China’s tech giants including Baidu, Alibaba and NetEase are racing to match the west’s recent developments in artificial intelligence, touting projects that they hope will achieve the same buzz created by the release of ChatGPT.
After months of announcing cost-cutting and lay-offs, big groups are now optimistically announcing investment plans to rival OpenAI’s chatbot, while trademark trolls are lining up to claim words related to ChatGPT’s achievements.
Zhou Hongyi, head of internet security company Qihoo 360, characterised ChatGPT, a program that produces realistic text answers to questions posed by humans, as the start of the artificial intelligence revolution. “It has shortcomings but also unlimited potential,” he said in a talk-show discussion last week.
The race to match ChatGPT comes as the China tech groups have spent the better part of two years reeling from regulatory attacks and fighting for growth amid the zero-Covid induced slowdown.
Baidu is taking the most concrete early steps, with plans to launch a chatbot named Ernie into its search engine in the next few months, similar to Microsoft and OpenAI’s Bing Chat.
The AI model underlying the bot has been in development since 2019 with its newest generation trained on 260bn parameters — comparable to GPT3, the technology underpinning ChatGPT, in terms of size, although trained on a much smaller data set.
Baidu plans to reveal new details this week on how the chatbot will be integrated into its products, including search, electric vehicles and smart assistants, according to a person close to the company.
“Baidu has focused talent and money on this, so they are the most likely to build one of China’s leading GPT platforms,” said Boris Van, an analyst at Bernstein tracking China’s AI efforts. “They have a lot riding on the launch.”
News of the Ernie bot’s potential rollout from March sent Baidu’s shares more than 15 per cent higher, while Alibaba and NetEase were boosted by developments in their generative AI research.
The stocks of smaller AI groups such as Hanwang Technology and CloudWalk Technology have roughly doubled so far this year. State media this month issued a warning for a cooling down of the speculative frenzy.
Since December, more than a dozen companies have rushed to trademark “ChatGPT” or other words containing “GPT” for use in anything from scientific instruments to clothing to advertising sales, according to the data provider Tianyancha.
The Beijing city government this month said it would support companies building their own models to match ChatGPT, while Shanghai’s top university Fudan brought together more than a dozen AI company executives and academics to analyse ChatGPT’s development, security risks and potential use cases.
However, analysts and experts say the fanfare and surge in stock prices around each new pronouncement do not reflect how difficult it will be for Chinese groups to replicate quickly the software being built by the likes of OpenAI and Google.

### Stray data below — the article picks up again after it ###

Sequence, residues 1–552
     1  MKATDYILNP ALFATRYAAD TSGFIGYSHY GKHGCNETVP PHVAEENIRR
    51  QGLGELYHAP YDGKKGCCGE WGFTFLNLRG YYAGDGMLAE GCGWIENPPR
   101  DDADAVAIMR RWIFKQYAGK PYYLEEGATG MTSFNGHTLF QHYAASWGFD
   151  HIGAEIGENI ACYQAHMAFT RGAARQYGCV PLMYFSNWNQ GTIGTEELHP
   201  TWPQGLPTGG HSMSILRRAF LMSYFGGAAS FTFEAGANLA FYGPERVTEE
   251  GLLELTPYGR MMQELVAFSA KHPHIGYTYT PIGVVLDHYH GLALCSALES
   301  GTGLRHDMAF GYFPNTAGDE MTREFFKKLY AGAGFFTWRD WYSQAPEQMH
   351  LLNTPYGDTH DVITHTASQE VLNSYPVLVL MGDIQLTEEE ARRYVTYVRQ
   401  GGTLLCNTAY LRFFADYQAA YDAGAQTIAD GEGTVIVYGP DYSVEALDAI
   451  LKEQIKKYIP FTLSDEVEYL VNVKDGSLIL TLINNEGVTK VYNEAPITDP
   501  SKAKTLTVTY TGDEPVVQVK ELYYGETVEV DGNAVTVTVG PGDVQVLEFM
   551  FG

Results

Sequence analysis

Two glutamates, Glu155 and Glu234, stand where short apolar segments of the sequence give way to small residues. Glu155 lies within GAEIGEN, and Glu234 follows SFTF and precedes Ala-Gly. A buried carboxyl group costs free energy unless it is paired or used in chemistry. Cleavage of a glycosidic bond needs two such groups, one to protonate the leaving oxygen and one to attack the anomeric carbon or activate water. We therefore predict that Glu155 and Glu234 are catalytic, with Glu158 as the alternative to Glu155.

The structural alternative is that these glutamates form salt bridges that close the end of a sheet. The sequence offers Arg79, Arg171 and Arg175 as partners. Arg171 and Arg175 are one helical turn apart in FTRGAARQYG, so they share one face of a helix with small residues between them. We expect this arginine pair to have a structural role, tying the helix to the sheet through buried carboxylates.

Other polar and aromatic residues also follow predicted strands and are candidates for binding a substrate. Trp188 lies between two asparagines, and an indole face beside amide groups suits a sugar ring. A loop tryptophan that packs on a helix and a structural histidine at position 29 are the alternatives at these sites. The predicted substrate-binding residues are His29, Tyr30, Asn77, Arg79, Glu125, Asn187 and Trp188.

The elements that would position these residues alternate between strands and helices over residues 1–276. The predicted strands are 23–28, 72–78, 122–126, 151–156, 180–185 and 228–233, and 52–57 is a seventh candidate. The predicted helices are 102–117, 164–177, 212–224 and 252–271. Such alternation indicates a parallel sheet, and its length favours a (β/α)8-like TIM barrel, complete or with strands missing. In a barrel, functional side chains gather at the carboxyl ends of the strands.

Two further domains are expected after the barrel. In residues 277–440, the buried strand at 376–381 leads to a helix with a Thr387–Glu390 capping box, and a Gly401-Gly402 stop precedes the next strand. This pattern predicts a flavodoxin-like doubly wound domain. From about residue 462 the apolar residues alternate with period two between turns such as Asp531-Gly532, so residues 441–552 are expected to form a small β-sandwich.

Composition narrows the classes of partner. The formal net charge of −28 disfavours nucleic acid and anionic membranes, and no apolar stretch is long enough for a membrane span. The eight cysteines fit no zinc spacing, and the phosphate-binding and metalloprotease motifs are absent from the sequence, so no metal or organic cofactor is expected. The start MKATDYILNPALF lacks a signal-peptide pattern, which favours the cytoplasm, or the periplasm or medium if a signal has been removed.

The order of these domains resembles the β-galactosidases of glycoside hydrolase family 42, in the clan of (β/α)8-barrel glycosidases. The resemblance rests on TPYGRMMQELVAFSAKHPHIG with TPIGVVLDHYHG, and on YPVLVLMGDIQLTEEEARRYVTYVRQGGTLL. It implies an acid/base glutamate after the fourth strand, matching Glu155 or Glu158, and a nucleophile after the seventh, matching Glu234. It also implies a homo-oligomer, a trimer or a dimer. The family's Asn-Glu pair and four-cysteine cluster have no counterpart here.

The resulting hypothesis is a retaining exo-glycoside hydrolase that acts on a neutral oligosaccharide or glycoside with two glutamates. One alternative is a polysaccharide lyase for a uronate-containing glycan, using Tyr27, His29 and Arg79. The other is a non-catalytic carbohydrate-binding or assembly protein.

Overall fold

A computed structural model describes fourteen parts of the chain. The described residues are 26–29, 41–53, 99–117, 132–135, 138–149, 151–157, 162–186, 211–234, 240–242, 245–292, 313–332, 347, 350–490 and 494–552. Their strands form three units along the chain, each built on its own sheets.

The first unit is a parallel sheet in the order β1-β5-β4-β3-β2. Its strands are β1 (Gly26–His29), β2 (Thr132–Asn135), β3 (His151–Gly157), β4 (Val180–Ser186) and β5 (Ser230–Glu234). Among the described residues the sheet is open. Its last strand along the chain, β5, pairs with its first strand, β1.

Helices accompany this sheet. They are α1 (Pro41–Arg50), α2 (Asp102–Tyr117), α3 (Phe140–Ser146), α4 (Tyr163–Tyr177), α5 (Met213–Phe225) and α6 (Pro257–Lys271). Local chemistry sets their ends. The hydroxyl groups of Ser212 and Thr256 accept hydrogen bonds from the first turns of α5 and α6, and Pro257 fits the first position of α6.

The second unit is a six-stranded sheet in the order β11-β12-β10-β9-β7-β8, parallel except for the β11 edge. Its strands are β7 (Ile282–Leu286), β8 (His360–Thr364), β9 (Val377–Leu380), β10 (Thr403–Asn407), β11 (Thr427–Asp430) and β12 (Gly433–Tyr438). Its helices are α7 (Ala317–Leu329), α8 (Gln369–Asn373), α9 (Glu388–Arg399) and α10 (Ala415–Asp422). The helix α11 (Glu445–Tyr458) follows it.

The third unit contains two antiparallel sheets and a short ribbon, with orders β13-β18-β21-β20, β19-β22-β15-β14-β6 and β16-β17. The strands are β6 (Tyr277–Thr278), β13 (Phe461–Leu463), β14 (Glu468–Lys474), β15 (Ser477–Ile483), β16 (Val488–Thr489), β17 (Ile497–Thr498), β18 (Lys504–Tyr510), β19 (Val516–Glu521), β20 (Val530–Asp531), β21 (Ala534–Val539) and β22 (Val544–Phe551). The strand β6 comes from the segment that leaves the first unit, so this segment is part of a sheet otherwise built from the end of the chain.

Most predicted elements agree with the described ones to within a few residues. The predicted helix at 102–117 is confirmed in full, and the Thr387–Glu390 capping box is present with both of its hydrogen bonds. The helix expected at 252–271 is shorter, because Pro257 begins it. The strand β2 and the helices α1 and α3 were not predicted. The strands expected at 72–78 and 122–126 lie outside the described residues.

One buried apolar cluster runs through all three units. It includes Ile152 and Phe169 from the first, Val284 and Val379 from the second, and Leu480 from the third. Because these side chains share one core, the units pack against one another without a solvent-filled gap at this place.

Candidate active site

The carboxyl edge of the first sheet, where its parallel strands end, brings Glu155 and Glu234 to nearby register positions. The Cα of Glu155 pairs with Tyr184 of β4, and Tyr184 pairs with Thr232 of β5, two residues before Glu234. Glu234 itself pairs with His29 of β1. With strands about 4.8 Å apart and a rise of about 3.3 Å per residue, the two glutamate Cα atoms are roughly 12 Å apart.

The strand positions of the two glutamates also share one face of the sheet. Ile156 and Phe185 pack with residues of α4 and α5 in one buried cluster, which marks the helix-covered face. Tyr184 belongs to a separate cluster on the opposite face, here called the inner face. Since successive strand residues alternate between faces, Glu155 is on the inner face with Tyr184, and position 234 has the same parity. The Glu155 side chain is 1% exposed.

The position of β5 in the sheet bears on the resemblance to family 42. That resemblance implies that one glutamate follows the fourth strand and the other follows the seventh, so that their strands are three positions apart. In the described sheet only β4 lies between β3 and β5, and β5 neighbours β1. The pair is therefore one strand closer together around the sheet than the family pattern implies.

“Everyone wants to create ChatGPT now but it’s very hard, especially for Chinese companies, which can’t get the latest Nvidia chips and have limited data sets for training AI models,” said Huan Li, creator of WeChaty, one of China’s most popular chatbot programmes.
“It takes lots of money to train a model, and if one part is not right, it will not work,” he said.
While China is known for its plethora of data for algorithm training, efforts have been focused mainly on surveillance tasks such as recognition and detection of objects, actions or faces, according to a review of Chinese AI papers in the State of AI Report 2022 published by investors in the sector.
Baidu faced a struggle with its previous attempt at a chatbot, known as Plato, which analysts say could not even answer a simple question such as: “When is Alibaba co-founder Jack Ma’s birthday?”
Analysts point to the lack of high quality Chinese language text on the internet or in other data sets as a barrier for training AI software.
GPT, the program underlying ChatGPT, sucked in hundreds of thousands of English academic papers, news articles, books and social media posts to learn the patterns that form language. Meanwhile, Baidu’s Ernie has been trained primarily on Chinese-language data as well as English-language data from Wikipedia and Reddit.
The computing costs of training and running large language models are also very high. Estimates put the cost of running ChatGPT, assuming 10mn monthly users, at $1mn a day. An executive at a leading Chinese AI company, who asked not to be named, noted it planned to focus its efforts on specific industry verticals such as customer service, rather than gambling on a broader conversational chatbot.
Washington’s export ban on advanced semiconductors is likely to compound the problem of building enough computing power for AI programs. New US rules prevent processors such as Nvidia’s A100 from being imported into China, making training AI models more expensive and time-consuming.
Bernstein analysts estimate that Chinese groups are likely to have stockpiled enough of the chips they need for the near term, but note that Washington’s ceiling on the speed of processors being allowed for export to the country means Chinese AI companies will be left behind as the hardware advances.
“It will be hard for Chinese companies to be globally competitive,” said Bernstein’s Van.
“So many companies are making announcements now about ChatGPT rivals, but that doesn’t mean they have a product,” he said. “It’s hard to judge until we can try them.”
China plays catch-up to ChatGPT as hype builds around AI Republished from Source https://www.ft.com/content/a4f6c01e-403f-4d43-9c6a-713d49771a4d via https://www.ft.com/companies/technology?format=rss